MFA Brings Together 20th Century Gems
...Degas to Picasso... Exhibit Features a Wide Range of Fascinating Pieces
By Jacqueline O’Connor
Degas to Picasso: Modern Masters
Boston Museum of Fine Arts
465 Huntington Avenue, Boston
Torf Gallery, Trustman Galleries, Lower Rotunda
On view until July 23, 2006
The Boston Museum of Fine Arts has brought together another stunning collection, this time featuring over 280 works in three galleries of timeless twentieth century art. Ranging from paintings to photographs to sculptures, the items in the exhibit show the true uniqueness and breadth of art from the last century. The Museum describes the exhibit: “While Bostonians were known for their bold and progressive taste in the last decades of the nineteenth century, the city was slow to embrace the new art of the twentieth century. That hesitation resulted in serious gaps in the Museum’s collections — gaps that curators and collectors have sought to fill in recent decades.”
The diversity of the art in this exhibit makes it one of the finest the MFA has shown in recent years. It boasts legendary artists such as Degas, Picasso, Braque, and Dali, while showing work from a variety of smaller, yet still important artists of the period such as photographer Man Ray, and painters Joaquin Sorolla y Bastida, Andre Dorain, Alexander Calder, and Ernst Ludwig Kirchner. Unlike the art in other exhibits, which tend to focus on one style, each of these 280 pieces is drastically different from the ones around it, creating a refreshing and fun experience for the viewer. Three works in particular show the breadth of this exhibit. While there are many more, these stood out as particularly interesting pieces that deserved highlighting.
The first is Pablo Picasso’s “The Bull – Lithograph in Six States,” housed at the entrance to the exhibit in the Lower Rotunda. This work, done between 1945 and 1946, shows the creation of a drawing and the progression of the artist’s conception of the animal subject. Six lithographs in simple metal frames hang on the wall, three above three.
The observer’s attention is immediately pulled to the drawing on the bottom right, which depicts the bull in the simplest manner. Purely geometric, the bull has a small circle for a head with two large curves for horns. Although drawn in twelve lines at most, the figure perfectly depicts the animal. The second in the series starts to show the hallmark signs of its creator. The figure is now composed of smaller geometric shapes as finer features such as eyes and a mouth appear. The third image shows a significant jump from the first two. Picasso introduces different levels of shading, and though the legs and body outline remain geometrical, the horns take a more fluid and realistic turn. Next comes the image on the top right. Two of the formerly line-drawn legs have become more realistic and though more shading is present, the form of the animal stays the same. Finally, image five has a new depiction of the animal’s form, as if Picasso changed his opinion of the shape of a bull. Though the geometrical lines are still visible through the shading, the entire bull has more mass and presence. The final image is the fully three-dimensional drawing of a rather large bull. The geometrical elements that went into the creation of this piece are barely visible, and the bull appears tired and worn. This series was truly fascinating and provided an interesting baseline with which to observe the rest of the exhibit.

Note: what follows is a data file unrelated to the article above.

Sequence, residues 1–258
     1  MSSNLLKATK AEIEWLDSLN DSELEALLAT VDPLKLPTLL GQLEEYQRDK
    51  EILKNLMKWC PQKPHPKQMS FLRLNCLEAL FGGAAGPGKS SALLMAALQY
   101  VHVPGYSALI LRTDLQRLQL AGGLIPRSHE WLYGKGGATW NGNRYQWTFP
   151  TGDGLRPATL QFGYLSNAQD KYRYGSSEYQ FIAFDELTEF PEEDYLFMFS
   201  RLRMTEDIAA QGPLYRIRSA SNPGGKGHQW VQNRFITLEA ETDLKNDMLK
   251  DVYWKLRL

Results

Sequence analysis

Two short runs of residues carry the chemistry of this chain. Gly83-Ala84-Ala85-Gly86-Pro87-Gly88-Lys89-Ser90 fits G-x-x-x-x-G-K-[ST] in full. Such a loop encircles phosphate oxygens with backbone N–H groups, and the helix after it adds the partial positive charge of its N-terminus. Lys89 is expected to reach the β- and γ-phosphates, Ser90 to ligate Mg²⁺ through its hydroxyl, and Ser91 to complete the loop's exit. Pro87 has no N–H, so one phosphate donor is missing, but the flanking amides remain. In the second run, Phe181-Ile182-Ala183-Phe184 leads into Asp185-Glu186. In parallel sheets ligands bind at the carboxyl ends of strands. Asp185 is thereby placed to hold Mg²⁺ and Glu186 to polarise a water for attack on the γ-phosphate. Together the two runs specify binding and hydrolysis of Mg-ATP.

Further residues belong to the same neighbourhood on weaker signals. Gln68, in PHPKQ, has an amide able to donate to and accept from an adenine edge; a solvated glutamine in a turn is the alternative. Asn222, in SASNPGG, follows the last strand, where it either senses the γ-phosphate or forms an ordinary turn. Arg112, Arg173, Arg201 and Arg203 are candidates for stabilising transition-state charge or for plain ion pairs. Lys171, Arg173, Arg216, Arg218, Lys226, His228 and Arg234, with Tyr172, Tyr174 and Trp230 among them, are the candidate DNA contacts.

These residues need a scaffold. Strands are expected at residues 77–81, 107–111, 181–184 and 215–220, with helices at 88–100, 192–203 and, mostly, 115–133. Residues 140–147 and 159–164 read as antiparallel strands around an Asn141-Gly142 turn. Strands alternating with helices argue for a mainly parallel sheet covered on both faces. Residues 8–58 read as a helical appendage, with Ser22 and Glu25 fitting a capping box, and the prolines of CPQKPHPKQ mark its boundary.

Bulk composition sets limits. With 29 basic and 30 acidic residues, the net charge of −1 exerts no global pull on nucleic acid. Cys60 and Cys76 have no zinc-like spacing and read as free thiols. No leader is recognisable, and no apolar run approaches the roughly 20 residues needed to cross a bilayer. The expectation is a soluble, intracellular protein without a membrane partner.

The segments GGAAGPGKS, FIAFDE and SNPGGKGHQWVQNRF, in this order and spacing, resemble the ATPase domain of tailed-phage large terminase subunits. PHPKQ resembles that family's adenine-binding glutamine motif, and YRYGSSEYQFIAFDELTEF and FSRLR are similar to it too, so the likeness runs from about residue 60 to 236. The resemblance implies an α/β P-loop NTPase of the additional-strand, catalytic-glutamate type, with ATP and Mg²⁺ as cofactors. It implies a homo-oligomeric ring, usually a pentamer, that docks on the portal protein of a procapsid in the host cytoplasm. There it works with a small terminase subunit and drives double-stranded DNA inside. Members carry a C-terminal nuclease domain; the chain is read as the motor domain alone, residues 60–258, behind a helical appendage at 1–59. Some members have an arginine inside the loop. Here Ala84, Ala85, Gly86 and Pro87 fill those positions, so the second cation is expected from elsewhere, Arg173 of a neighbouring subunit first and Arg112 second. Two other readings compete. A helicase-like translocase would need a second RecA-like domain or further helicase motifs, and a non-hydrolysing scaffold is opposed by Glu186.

Beyond the Lower Rotunda, the Torf Gallery hosts an example of classic impressionism. “Lighthouse Walk at Biarritz” by Joaquin Sorolla y Bastida is a 1906 painting that shows the perfect grace and fluidity artists of the time period mastered. In this magnificent seascape, a girl wearing a bright-red jacket is accompanied by four elegant women in white dresses. The small party walks along a grassy bluff above a lighted blue and purple ocean. Despite the beauty of the scenery, only the young girl gazes out over the ocean, while the four ladies engage in discussion or stare out of the painting. The sun is low as the shadows stretch out of the painting, and the tide seems to flow back out to sea. The stark contrast between the almost Cubist works in the opening of the show and this classical impressionist painting keeps the viewer on his toes.
The exhibit ranges from the fascinating, to the gorgeous, to the just plain weird. Alexander Calder’s pair of drawings “The Lion Cage” (1930-1939) and “Woman on Flying Trapeze” (1931) looks like part of a third grade art project. Using pen and yellow and pink crayons, Calder invokes the fun and oddity of the circus. “The Lion Cage” depicts four lions basking in the boredom of their cage (Calder goes as far as to picture one of the lions in the ‘play dead’ position), and only one lion sits alert, looking out of the picture at the viewer. The tamer stands to the left as a boy and his father watch the now docile creatures. The other drawing shows a man holding a rope and observing a nude woman hanging by her knees from a trapeze, her arms and hair flying wildly as she swings. The artist does not respect the sanctity of opaqueness in either of these images; the edge of the circus ring is clearly visible through the body of the man in the circus ring.
This exhibit has something for everyone: attendees ranged from five to 95 years old and all seemed capable of finding something interesting. Experiencing these many styles of art, not just the famous Cubist and Impressionist movements, is well worth the trip to the MFA.